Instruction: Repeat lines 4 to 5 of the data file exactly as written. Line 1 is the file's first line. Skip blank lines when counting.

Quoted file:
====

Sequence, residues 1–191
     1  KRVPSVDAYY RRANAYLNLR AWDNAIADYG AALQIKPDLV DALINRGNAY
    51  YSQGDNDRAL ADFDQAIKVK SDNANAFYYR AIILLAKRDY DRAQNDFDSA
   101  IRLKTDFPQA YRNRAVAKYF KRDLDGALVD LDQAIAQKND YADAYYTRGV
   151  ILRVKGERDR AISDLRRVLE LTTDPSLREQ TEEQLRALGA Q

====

   101  IRLKTDFPQA YRNRAVAKYF KRDLDGALVD LDQAIAQKND YADAYYTRGV
   151  ILRVKGERDR AISDLRRVLE LTTDPSLREQ TEEQLRALGA Q